The interest on construction loans can be fixed for many years. Often times this is not a good idea.
VTwo years ago, the world was still okay for property buyers: the purchase prices were high, but still significantly lower than they are today. But above all, building loans were cheaper than ever. In some cases, they no longer cost one percent interest a year. Today around 0.3 percentage points more have to be paid, which makes considerable differences due to the long term of the loans.
Most forecasts assume that interest rates will continue to rise, especially in the long run. Nobody expects that in 15 or 20 years they will be as cheap as they are today. So anyone who buys a property now and finances it with a loan wants to secure the low interest rates for as long as possible. In financial jargon, this means that you have to choose the longest possible fixed interest period for your loan. The disadvantage: He then pays a higher interest rate than with a shorter duration. In the end, a shorter bond could be the cheaper option even if interest rates rise significantly.
A couple of calculation examples
Fixed interest periods of 15, 25 and 30 years are compared. No bank currently offers more than 30 years, hardly any institute under 15 recommends. During this period, the finance house may only demand the interest agreed at the beginning, regardless of how high the market interest rate is. This should give real estate buyers planning security. For 30 years of fixed interest rates, more than two percent interest currently has to be paid, for 15 years an average of only 1.5 percent. The exact interest rate depends on many parameters: above all the creditworthiness of the debtor and the amount of equity. Anyone who does not bring their own money into the financing (100 percent financing) has to accept a hefty interest premium. With fixed interest rates for 15 years, an average of 0.6 percentage points more must then be paid than with 80 percent financing (i.e. 20 percent of your own money).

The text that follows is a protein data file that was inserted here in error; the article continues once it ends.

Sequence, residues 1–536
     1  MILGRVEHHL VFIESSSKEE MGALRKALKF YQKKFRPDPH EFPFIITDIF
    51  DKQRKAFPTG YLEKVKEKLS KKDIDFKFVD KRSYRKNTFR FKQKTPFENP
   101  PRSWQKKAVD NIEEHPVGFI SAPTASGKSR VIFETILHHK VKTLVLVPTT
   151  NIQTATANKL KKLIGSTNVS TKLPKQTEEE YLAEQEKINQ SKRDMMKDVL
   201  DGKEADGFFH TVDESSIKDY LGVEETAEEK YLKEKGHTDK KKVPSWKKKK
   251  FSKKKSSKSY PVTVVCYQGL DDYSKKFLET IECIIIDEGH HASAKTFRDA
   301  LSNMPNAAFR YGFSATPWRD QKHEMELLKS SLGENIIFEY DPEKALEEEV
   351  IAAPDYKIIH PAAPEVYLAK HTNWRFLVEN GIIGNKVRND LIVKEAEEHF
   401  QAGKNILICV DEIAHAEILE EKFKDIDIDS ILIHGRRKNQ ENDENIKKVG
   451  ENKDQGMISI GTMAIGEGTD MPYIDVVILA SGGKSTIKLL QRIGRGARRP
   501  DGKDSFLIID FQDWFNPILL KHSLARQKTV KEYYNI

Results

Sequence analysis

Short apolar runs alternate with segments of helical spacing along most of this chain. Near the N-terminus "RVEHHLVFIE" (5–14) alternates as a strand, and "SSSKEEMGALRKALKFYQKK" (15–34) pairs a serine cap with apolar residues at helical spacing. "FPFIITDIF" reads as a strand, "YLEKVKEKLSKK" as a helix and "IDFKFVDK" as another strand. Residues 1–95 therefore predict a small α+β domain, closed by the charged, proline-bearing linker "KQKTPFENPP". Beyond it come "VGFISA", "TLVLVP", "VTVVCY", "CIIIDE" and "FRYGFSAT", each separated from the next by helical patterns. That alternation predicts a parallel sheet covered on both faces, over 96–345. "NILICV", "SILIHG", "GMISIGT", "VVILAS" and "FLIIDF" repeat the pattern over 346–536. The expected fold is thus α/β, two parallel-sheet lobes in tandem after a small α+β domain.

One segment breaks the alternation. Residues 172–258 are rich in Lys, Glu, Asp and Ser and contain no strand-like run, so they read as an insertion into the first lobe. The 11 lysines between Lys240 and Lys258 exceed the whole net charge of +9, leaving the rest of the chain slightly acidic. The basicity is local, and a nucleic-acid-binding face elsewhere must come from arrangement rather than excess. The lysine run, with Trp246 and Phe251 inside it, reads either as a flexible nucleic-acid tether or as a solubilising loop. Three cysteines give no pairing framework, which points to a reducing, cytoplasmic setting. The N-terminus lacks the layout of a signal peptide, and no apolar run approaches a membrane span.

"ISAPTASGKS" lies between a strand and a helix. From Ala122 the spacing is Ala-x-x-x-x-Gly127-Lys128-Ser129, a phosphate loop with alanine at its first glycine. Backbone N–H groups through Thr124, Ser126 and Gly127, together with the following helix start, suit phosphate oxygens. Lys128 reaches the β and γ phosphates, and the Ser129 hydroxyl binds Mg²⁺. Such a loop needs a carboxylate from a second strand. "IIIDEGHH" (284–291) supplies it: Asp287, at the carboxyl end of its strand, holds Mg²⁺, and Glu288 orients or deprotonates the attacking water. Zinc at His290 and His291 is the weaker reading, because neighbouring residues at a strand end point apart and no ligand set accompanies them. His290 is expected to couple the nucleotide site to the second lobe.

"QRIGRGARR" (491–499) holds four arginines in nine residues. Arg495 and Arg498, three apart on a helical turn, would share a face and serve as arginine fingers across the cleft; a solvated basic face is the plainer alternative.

On the other hand, there are less large interest rate differences of no more than 0.2 percentage points between high and lower loan amounts and high and low repayment rates. High loan amounts and a small repayment are then “punished” with an interest surcharge. The visually low interest rate differences add up over the long term to considerable additional costs, which can amount to tens of thousands of euros. A long fixed interest rate is therefore only justified if interest rates rise significantly. Nobody knows that, of course, and so the sample calculations serve above all to get a feel for the risk that real estate buyers take with a short fixed interest rate. Readers can test this more precisely for their individual situation with the FAS “fixed interest rate calculator” developed in-house.
An example with a loan of 380,000 euros and 20 percent equity has shown that a long fixed interest rate of 30 years is not worthwhile. Even if interest rates rise to four percent, as they did eight years ago, it is better to choose only 15 years of fixed interest rates. That saves 35,000 euros in interest, and the house is even paid off a year earlier. Even 25 years of commitment would then be too long. If the interest rate rises to five percent, as in the normal interest rates before the financial crisis, 30 years of fixed interest rates are also too expensive. In this case, however, 25 years is better than 15 years. Then the house is paid off a year earlier than with a 30-year fixed interest rate.
A very long fixed interest rate is convenient because you have planning security. And when the property is as good as paid off, there is no risk that significantly higher interest rates will make the monthly burden soaring. But the financing costs of the short bond can be significantly lower, depending on the case, and the risk of a rise in interest rates is manageable. In addition, the customer has more choice of banks for retention periods of less than 30 years. This increases the chance of getting a slightly lower interest rate through good negotiation and comparison.
The choice of the fixed interest period also depends a bit on the other construction of the construction loan. Anyone who can provide little of their own money, for example, should choose a long fixed interest rate with high loan amounts and only a moderate monthly rate in order to limit the risk of a sharp rise in interest rates. And if you choose a short bond, you should bring yourself to a high repayment of three percent or more, even if that means a higher burden per month. Then the remaining debt shrinks faster and with it the amount that could be exposed to a higher interest rate after the fixed interest rate.